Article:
Since its introduction in Japan in the late 1980s, self-consolidating concrete (SCC) has demonstrated substantial commercial benefits to the construction industry in terms of ease of placement, need for minimal or no vibration, improved form finish, and the ability to use highly congested reinforcement as well as formwork with restricted access.

Successful construction with SCC can only be achieved when the SCC mixture exhibits proper rheological parameters such as yield stress (which can correlate with slump-flow), viscosity (rate of flow once yield stress has been exceeded), and thixotropy (change in viscosity as a function of agitation) during mixing, at the time of discharge, and after placement. These parameters can be used to understand the key SCC performance attributes of workability, segregation resistance, and passing ability, and can be generally correlated with three tests described in the ASTM C1611 standard slump flow, T20 (or T50), and VSI, which are commonly used for routine quality control operations. Alternately, the more fundamental rheological properties such as yield stress and viscosity can be measured using a concrete rheometer.

Admixtures for SCC

Advances in the development of new admixtures such as polycarboxylate-based superplasticizers, viscosity modifying agents, and powerful slump retaining products have been a key enabling factor for the production, placement, and service life of high-quality SCC. Polycarboxylate (PC)-based superplasticizers have become the most common form of superplasticizer technology for SCC mixtures because of a number reported benefits such as powerful cement dispersing ability to achieve high slump-flows, extended workability retention, and increased thixotropy of the in-place concrete to reduce surface settlement upon placement (static stability).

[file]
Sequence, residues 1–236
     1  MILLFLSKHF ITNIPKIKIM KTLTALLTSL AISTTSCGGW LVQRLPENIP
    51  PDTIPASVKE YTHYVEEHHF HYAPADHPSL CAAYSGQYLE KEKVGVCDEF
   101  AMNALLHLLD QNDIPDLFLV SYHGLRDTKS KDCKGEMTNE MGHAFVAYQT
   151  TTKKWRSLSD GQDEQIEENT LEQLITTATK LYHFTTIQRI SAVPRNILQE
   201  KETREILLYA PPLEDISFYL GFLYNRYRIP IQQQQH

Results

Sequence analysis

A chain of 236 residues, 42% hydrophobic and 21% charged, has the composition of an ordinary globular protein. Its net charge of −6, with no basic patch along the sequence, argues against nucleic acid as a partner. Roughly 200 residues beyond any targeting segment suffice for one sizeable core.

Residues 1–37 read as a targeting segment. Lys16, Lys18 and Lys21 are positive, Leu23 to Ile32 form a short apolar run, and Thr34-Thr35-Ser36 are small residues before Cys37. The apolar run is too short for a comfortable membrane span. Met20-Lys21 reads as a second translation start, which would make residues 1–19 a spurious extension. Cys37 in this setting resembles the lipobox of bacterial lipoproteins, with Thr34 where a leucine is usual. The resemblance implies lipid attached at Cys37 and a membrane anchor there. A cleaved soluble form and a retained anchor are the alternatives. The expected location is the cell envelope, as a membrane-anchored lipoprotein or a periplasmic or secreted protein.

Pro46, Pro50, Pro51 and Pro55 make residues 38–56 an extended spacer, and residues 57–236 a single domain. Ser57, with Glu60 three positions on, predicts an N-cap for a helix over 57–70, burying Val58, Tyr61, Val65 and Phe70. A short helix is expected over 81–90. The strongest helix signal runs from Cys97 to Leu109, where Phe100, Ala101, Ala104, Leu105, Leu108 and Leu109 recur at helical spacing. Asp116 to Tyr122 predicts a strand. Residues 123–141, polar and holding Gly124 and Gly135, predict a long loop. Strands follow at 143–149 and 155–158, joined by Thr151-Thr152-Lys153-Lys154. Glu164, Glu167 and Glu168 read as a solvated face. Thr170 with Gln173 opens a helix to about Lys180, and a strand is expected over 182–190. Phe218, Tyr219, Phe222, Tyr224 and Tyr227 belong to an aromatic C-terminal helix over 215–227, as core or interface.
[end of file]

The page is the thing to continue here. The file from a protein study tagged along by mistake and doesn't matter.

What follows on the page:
These performance attributes are made possible because the polymeric structure of polycarboxylate-based superplasticizers can be configured for a wide range of concrete applications, including SCC mixtures. There are circumstances when use of a polycarboxylate-based admixture may not be feasible due to high clay content contamination with certain aggregate sources or where very low dosages of air-entraining admixtures are required to meet air content specifications. In such cases, a naphthalene-sulfonate-based product may be necessary.

Viscosity modifying admixtures (VMAs), comprised of biopolymers, cellulose ethers, high molecular weight glycols, and various synthetic anionic polymers, impact the flow property of concrete, whereby they can increase the viscosity of the cement paste, enhancing its capability to suspend heavier materials in the concrete matrix. Figure 1 illustrates the fundamental role that superplasticizers and VMAs have in changing the slump-flow and viscosity of concrete mixtures. Figure 2 illustrates the impact of VMAs in controlling concrete viscosity as a function of added water content to an SCC mixture. The balance between the slump-flow and plastic viscosity (T20 value) is key to obtaining the optimum SCC rheology and stability.

Euclid Chemical’s William Phelan discusses the Self-Consolidating Concrete program at World of Concrete. Planning and communication are critical when dealing with any high-performance concrete, Phelan says.